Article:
The National Institute for Health and Care Excellence (NICE) in the United Kingdom has recommended Roche‘s Gazyvaro (obinutuzumab) as a first-line treatment for follicular lymphoma patients, after initially rejecting it.
Routine use of Gazyvaro first was rejected not only because it is expensive, but also because a NICE panel concluded there was not enough evidence that its clinical benefits justified premium pricing over MabThera (rituximab), Roche’s older therapy for follicular lymphoma.
At the time, the panel also said it was “not innovative,” objecting to Roche’s characterization of Gazyvaro in its application.
NICE now recommends Gazyvaro, marketed as Gazyva outside Europe, for use by the National Health Service (NHS) with chemotherapy in patients with higher risk of relapse. It reversed its stance after an undisclosed discount swayed the cost-effectiveness watchdog.
The decision is estimated to affect about 1,200 people annually in Britain. The reversal was “welcomed by both the patient and clinical community,” according to a statement from Roche, and arrives just after the Scottish Medicines Consortium (SMC) turned down Gazyvaro as a first-line option with chemotherapy.
The ruling follows the agency’s conclusion that second-line use of Gazyvaro in patients who failed MabThera therapy should be covered by the Cancer Drugs Fund (CDF) rather than the NHS regular budget. NICE previously had cleared Gazyvaro as a routine treatment option for adults with chronic lymphocytic lymphoma (CLL).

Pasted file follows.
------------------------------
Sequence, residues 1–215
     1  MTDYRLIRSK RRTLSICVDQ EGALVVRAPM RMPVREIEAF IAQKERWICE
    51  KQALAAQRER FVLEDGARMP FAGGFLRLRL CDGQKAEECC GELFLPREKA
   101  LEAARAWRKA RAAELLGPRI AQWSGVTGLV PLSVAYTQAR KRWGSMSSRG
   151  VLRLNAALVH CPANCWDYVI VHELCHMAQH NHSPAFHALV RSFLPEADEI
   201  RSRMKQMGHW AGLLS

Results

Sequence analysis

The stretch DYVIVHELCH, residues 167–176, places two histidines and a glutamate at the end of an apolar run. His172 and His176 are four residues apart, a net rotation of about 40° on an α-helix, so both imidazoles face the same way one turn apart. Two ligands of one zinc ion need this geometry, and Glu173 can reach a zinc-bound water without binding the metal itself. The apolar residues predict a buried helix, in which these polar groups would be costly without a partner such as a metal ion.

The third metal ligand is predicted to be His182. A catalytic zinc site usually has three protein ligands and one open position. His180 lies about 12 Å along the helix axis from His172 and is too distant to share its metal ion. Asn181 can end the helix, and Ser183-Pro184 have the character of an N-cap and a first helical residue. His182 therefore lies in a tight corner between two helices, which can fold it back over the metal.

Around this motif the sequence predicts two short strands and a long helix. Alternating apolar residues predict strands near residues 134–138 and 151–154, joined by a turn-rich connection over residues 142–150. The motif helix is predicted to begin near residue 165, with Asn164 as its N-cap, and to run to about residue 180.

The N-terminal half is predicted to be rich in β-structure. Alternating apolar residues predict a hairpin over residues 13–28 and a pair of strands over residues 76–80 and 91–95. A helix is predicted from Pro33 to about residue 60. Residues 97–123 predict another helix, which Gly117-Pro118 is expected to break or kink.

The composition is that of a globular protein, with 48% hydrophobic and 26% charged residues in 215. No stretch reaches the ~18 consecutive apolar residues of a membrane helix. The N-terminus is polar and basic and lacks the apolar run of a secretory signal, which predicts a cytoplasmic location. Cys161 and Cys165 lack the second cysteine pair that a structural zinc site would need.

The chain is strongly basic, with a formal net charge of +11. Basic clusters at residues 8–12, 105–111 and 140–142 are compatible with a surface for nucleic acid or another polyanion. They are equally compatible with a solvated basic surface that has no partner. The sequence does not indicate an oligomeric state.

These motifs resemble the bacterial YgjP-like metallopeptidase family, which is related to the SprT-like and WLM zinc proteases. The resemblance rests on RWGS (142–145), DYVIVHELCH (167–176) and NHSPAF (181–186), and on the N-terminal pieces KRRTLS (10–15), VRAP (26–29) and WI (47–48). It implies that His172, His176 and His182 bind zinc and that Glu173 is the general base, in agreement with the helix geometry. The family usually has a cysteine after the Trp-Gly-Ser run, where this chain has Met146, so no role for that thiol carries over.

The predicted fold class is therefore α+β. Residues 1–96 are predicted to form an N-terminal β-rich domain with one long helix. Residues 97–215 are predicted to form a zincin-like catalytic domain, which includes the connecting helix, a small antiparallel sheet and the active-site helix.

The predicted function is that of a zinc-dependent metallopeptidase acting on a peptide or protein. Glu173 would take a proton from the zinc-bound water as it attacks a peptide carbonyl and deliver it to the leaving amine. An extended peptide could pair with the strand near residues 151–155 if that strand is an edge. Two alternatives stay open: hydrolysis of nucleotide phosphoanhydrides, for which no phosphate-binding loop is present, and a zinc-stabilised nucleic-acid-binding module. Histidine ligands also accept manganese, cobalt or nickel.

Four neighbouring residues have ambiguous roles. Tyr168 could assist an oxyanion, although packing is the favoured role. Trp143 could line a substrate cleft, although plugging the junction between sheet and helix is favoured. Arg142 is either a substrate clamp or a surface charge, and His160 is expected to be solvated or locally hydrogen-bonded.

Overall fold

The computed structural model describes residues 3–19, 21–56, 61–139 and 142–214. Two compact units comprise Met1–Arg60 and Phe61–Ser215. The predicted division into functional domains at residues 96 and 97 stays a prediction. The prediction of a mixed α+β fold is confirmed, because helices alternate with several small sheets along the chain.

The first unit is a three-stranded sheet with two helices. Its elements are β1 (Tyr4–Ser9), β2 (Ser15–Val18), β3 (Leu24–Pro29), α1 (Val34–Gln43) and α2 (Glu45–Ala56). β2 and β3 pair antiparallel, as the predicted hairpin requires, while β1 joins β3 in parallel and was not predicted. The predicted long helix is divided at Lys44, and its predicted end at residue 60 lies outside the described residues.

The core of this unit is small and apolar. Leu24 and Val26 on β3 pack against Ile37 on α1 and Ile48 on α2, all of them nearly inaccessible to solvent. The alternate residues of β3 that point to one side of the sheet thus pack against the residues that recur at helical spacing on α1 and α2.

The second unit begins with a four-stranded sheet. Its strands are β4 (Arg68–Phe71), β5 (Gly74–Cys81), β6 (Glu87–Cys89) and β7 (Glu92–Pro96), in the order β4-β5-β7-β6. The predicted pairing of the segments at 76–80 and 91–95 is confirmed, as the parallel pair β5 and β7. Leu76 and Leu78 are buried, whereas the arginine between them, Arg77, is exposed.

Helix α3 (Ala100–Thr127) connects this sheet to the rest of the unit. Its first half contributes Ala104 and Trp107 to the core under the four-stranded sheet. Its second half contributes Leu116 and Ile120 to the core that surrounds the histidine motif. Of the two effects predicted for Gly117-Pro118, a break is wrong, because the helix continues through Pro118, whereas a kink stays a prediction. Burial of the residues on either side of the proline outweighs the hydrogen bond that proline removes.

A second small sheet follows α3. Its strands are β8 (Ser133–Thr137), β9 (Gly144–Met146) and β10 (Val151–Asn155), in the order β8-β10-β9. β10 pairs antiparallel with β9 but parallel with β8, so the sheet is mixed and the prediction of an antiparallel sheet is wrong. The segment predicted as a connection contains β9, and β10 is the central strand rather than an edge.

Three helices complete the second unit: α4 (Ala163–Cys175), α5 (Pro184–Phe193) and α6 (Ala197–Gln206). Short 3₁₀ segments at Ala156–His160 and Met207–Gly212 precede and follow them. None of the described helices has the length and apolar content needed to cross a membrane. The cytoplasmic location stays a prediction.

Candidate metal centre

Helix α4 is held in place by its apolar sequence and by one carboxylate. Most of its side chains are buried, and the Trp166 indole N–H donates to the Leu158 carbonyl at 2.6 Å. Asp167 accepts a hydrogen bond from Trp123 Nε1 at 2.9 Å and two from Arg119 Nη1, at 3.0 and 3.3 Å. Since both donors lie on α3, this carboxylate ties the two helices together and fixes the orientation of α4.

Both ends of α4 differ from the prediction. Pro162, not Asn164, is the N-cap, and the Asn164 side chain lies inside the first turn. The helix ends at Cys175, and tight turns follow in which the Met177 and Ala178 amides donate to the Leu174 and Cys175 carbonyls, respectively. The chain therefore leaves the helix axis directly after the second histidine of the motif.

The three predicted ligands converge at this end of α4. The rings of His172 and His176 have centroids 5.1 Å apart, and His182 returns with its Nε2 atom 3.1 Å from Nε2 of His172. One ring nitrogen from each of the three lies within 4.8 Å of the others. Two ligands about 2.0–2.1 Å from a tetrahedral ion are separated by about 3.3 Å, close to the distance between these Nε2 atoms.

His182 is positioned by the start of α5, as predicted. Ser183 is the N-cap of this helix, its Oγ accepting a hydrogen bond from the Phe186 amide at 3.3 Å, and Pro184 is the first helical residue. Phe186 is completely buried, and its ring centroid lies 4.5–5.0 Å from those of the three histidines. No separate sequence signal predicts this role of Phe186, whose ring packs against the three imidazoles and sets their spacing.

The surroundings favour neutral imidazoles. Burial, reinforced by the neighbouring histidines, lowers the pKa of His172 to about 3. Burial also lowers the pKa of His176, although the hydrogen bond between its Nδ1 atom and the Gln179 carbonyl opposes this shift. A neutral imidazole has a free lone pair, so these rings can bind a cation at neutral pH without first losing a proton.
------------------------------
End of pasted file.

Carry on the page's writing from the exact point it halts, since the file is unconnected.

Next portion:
Gazyvaro is a more expensive follow-on to MabThera (marketed as Rituxan in the United States, Japan and Canada), Roche’s best-selling $7 billion-per-year medicine for follicular lymphoma and other indications, which has lost patent protection in Europe and is now seeing sales quickly eroding by cheaper generic drugs.
Gazyvaro was designed with sugar molecule side chains to target the CD20 receptor with an improved therapeutic and safety profile, Roche said. The company intends to market Gazyvaro as a successor to MabThera, as biosimilars of the older therapy start to roll out onto the market.
“Close collaboration between Roche, NHS England and NICE has resulted in NICE recommending Gazyvaro as a cost effective treatment, even when compared to recently introduced biosimilars of rituximab,” said Richard Erwin, general manager of Roche UK, in a press release.
Roche reportedly had been seeking expanded approval of Gazyvaro since it was first approved in 2013, for other blood cancer indications. The U.S. Food and Drug Administration (FDA) approved Gazyva in combination with chemotherapy as a first-line treatment for patients with advanced follicular lymphoma in November 2017.